And consumers in both geographies made it clear that these changes in behavior were not aimed at the short term. In the UK, 47.9% of respondents said a year from now they’d be shopping differently than they were a year ago because they’d be relying more heavily on click-and-collect. In the U.S., 60.1% said they expected to continue to more heavily use buy online, pick up in-store, or at the curb.
The survey findings point the way for retailers who are expecting the holiday shopping season to begin exceptionally early this year. Amazon has set Oct. 13 and 14 as its annual Prime Day promotion, which likely will become a focus of holiday shopping. Another group of retail industry leaders is promoting a 10.10 shopping holiday inspired by Alibaba’s Singles Day on Nov. 11, to kick off holiday shopping.
Retailers are even more anxious than usual to get consumers to start shopping because they are concerned that the massive increase in ecommerce brought on by the pandemic will only escalate during the holiday season and may overburden fulfillment operations.
Furthermore, FedEX, UPS, and the United States Postal Service have all imposed surcharges for high-volume shippers during the holiday period. Retailers are hoping to minimize those surcharges by spreading their shipments out over a longer holiday season.
Given consumers’ expressed preferences, then, retailers will want to be prepared for dramatic spikes in online orders — beyond what they’ve been seeing during the pandemic. They will also want to have their buy online, pick up in store, click-and-collect and curbside programs well organized and ready to scale.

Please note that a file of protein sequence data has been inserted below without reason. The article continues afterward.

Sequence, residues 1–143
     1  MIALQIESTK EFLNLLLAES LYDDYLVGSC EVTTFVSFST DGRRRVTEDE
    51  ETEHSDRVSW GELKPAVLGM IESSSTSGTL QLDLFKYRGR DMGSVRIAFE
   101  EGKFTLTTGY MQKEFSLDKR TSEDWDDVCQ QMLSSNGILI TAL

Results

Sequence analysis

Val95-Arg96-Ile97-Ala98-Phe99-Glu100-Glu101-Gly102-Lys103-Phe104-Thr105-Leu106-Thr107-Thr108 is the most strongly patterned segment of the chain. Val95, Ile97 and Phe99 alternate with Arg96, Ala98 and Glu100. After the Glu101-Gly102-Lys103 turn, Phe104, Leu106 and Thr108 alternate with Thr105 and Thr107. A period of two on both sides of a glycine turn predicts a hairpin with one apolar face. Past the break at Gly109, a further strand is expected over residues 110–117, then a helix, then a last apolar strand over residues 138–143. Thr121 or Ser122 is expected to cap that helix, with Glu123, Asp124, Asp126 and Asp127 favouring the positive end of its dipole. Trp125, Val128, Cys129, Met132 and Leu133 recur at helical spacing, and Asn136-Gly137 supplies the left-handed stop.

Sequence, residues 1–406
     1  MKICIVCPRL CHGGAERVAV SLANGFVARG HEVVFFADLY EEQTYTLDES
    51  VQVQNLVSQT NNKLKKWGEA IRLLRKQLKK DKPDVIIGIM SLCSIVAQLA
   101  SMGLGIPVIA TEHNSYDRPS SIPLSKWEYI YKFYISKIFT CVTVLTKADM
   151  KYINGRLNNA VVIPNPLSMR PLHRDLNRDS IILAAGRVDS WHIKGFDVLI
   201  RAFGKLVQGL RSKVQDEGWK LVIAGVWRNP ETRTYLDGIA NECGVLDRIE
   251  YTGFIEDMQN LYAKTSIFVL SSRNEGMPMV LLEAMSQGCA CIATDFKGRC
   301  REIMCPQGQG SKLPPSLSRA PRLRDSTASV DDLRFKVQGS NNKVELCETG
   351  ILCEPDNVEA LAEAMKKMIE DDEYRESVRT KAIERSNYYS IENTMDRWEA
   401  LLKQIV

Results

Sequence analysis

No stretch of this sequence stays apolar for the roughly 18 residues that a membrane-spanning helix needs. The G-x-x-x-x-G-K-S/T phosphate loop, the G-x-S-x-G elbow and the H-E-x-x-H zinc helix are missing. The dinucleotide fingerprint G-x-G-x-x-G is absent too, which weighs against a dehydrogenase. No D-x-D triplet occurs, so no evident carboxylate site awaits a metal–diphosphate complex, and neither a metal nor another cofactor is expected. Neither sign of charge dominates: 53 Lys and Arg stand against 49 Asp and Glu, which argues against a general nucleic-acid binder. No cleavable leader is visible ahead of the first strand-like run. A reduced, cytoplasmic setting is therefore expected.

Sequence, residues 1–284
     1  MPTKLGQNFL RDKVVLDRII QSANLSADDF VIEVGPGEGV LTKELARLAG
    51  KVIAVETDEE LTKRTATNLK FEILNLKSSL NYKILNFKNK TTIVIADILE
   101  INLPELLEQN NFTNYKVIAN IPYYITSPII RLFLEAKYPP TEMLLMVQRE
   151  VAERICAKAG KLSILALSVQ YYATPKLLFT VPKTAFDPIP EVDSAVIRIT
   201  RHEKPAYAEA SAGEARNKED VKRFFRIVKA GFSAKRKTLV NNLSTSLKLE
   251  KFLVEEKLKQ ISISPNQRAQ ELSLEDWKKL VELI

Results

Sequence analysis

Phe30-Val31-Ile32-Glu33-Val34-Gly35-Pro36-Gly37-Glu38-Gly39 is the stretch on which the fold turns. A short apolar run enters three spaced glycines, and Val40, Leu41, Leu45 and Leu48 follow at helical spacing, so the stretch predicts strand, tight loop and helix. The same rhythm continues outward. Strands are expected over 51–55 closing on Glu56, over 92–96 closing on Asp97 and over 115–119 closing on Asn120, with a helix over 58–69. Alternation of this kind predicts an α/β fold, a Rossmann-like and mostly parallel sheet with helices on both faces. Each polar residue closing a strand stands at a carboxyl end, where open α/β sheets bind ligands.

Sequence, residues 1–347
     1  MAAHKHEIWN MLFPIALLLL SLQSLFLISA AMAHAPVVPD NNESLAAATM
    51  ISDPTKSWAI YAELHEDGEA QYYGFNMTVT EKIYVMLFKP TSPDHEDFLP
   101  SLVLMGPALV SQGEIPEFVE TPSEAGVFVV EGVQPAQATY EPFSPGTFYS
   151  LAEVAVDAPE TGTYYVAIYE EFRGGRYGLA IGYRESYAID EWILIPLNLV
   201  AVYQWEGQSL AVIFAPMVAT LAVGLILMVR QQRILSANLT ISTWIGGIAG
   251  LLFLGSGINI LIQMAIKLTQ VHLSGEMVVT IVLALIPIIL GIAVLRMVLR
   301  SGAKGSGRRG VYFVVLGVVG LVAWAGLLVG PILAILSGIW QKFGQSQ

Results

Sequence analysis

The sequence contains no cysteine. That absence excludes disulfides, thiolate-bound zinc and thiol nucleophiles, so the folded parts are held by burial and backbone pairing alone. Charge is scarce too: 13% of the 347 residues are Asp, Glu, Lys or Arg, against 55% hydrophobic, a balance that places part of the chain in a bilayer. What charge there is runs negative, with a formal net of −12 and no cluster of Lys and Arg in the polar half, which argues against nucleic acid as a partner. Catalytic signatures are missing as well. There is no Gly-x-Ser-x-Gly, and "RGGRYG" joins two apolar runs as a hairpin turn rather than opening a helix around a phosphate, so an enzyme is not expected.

The surveys also highlight a growing trend. Payment fraud has always been a challenge. That flavor of fraud generally occurs when a professional fraudster or ring makes unauthorized use of a consumer’s identity, credit card or account. Recently, merchants have been plagued by fraud schemes beyond the realm of unauthorized fraud and often conducted by everyday consumers. We’ve seen this, for instance, with return fraud. And, of course, with friendly fraud, which appears to be on the rise.
In light of the surveys’ findings that more consumers are admitting to filing false claims, retailers will want to assess their fraud protection and consumer abuse prevention systems to ensure that they can keep up with the rapid increase in orders and the potential increase in orders from bad actors.
Friendly fraud in the holiday season can be stopped
Signifyd customers have already taken steps to protect themselves with Signifyd’s Commerce Protection Platform. The platform uses machine learning and data from its Commerce Network of thousands of retailers to instantaneously sift fraudulent orders from legitimate ones. Its Abuse Prevention solution automates chargeback management and offers a financial guarantee for non-fraud-related chargebacks that complements Signifyd’s fraud chargeback guarantee.
There has been little doubt for some time that holiday 2020 would be unlike any holiday shopping season that has come before. But the ways in which it will be different are becoming more evident as the voice of the pandemic-era shopper is becoming more clear.